“Think of all the things your dad never got to see you do,” Pitino said to Davenport before putting him on a workout regimen.

At the time, Davenport weighed 249 pounds. Within a year, he’d lost 78. He’s kept the weight off ever since.

As with most Pitino staffers, there was always a chance for upward mobility. When Bellarmine opened, Davenport jumped at the chance to be a college head coach in his hometown. He set the same hard-work expectation for his players that had guided his life, and told them that meeting expectations might require some extra hours.

“The back door [to the gym],” Davenport says, “if you yank it hard enough, sometimes it opens. And the ball rack, I set it right by the office door for a reason. I can tell if they’ve been used.”

The wins piled up, and Bellarmine found its niche in a basketball-mad city preoccupied by rival powers Kentucky and Louisville. The Knights were Switzerland. And a fun Switzerland at that.

“Everyone in this town can argue every day about red and blue, and one side hating the other,” Davenport says. “But they can all like us. Two guys sitting in an office arguing all day can say, ‘Let’s go watch Bellarmine,’ and eat popcorn together and cheer for the same team.”

What few people ever saw coming—including Davenport—was Division I status. Lacrosse actually paved the way, moving to D-I in 2005. Given the basketball program’s prowess, the school gradually started envisioning the entire athletic program joining the big-time.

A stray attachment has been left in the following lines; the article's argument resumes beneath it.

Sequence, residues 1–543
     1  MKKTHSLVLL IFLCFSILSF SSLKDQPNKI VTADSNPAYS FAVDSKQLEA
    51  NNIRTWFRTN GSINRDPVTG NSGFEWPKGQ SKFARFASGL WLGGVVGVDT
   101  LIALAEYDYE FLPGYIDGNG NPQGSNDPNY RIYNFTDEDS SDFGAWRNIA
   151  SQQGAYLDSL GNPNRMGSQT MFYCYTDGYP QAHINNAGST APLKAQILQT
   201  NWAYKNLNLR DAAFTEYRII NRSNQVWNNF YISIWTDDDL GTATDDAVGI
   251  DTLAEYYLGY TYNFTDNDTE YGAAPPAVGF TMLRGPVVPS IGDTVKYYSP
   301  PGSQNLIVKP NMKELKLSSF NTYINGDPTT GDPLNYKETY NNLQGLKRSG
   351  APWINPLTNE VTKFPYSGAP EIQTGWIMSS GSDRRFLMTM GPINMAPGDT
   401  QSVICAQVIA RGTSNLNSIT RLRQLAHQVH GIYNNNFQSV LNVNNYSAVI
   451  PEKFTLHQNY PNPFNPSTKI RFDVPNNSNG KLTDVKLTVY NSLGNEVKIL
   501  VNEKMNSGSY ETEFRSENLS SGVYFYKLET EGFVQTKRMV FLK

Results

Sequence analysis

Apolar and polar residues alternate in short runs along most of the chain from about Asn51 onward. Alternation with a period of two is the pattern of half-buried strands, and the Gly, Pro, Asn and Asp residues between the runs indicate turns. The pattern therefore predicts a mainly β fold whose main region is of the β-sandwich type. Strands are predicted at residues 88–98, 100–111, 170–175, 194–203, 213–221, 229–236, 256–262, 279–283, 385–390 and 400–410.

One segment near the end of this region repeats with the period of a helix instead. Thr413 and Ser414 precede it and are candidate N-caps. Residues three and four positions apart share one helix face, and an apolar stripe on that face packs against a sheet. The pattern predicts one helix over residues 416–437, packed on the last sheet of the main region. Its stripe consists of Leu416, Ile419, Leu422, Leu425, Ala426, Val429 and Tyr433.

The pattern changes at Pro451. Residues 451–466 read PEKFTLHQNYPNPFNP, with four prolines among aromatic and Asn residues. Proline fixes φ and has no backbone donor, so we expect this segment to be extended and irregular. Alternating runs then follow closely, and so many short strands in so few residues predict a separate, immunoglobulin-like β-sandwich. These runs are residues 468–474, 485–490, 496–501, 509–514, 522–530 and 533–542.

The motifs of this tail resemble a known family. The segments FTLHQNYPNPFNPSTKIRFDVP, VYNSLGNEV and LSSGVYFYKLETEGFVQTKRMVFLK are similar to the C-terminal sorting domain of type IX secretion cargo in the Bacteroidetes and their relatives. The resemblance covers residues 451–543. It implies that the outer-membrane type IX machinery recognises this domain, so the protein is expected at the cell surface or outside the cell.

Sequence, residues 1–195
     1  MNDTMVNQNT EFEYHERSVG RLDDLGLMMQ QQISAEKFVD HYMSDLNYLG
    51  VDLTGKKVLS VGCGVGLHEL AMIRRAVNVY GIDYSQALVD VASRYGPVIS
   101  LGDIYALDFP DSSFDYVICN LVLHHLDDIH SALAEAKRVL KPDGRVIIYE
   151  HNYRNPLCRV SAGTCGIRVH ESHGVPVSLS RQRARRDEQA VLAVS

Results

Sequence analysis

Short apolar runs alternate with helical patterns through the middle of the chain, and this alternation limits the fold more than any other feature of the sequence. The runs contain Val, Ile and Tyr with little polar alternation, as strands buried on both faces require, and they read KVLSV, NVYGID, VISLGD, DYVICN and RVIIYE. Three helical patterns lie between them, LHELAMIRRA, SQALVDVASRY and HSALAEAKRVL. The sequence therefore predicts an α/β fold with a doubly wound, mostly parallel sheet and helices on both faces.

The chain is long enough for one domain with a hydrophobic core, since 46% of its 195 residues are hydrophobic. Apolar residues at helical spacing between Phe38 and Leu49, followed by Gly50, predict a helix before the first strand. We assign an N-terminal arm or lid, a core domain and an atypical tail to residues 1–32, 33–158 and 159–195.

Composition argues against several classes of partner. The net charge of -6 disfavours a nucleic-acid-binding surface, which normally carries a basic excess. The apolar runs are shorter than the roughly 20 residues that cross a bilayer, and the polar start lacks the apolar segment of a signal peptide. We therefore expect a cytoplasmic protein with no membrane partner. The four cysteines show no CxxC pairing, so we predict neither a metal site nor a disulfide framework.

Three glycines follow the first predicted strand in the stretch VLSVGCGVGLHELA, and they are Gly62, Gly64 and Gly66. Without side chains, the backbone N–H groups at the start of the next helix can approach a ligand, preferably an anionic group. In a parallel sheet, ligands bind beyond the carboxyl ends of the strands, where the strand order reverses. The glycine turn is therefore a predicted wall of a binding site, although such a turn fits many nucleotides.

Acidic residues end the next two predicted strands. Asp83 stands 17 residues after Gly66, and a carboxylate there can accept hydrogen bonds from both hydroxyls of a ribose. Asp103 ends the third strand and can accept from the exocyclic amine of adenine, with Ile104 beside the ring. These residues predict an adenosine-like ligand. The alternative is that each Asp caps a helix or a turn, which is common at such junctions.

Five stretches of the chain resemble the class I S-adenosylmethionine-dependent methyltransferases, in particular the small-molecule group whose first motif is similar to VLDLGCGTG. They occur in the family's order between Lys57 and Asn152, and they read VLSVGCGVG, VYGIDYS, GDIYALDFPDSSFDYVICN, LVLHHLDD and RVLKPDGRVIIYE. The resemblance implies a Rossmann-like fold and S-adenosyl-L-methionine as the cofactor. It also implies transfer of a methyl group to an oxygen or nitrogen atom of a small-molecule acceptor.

Sitting in Section 208 on July 1, Davenport had one more reason to be emotional. A few feet away was a plaque honoring his late mother, who sat there in her wheelchair in later years for home games. If Lawrence and Evelyn could have seen him then …

Bellarmine men's basketball head coach Scott Davenport smiles while talking with his team during a recent practice.

Bellarmine men's basketball head coach Scott Davenport smiles while talking with his team during a recent practice.

On July 5, Bellarmine welcomed its first Division I basketball team back to campus. They had physicals, checked players into dorms, and had a meeting on COVID-19 protocols. Then Davenport herded all the players into Section 208 for a quick talk.

The theme: privilege and opportunity.

“What about those Cincinnati soccer players?” he asks, referencing a program that had just been eliminated. “You think they’d like to be you? What about all the players that came before you here? You get a chance to win the first Division I game in school history, and when that happens I’m going to shake the other coach’s hand and then sprint to watch you.

“You feel lucky now? Nobody in the history of this place is going to do what you get to do.”

Davenport asks the veteran players who their opening opponent was in 2019.

“Northwoods,” comes the response.

“Oh!” He shoots back. “This year it’s UCLA.”

(Or was.)

Then he asks who the second opponent was in 2019.

“Saginaw Valley.”

“Oh! This year it’s Duke.”

The players dispersed to play pickup, while Davenport went into his office. He and his wife, Sharon, had spent the previous night at Costco buying snacks for the locker room, laying out practice gear, putting new name plates on the lockers. At a D-I startup, the head coach’s duty list is long.

“These guys left here last spring disappointed they didn’t get to play in the D-II tournament,” Davenport says. “They come back staring UCLA and Duke in the face. You think things changed in your life in the pandemic? I’ll see you and raise you one.”

That was in the swelter of a Louisville July. By early December, when it was time to get on the bus and actually stare Duke in the face, everyone was wearing coats—everyone but Davenport, bustling around the parking lot in a T-shirt that said, “RISE.”

A son of Louisville’s gritty South End has risen, and brought a basketball program with him. Next stop is the first stop in a newborn Division I basketball program’s slightly miraculous journey: Cameron Indoor Stadium.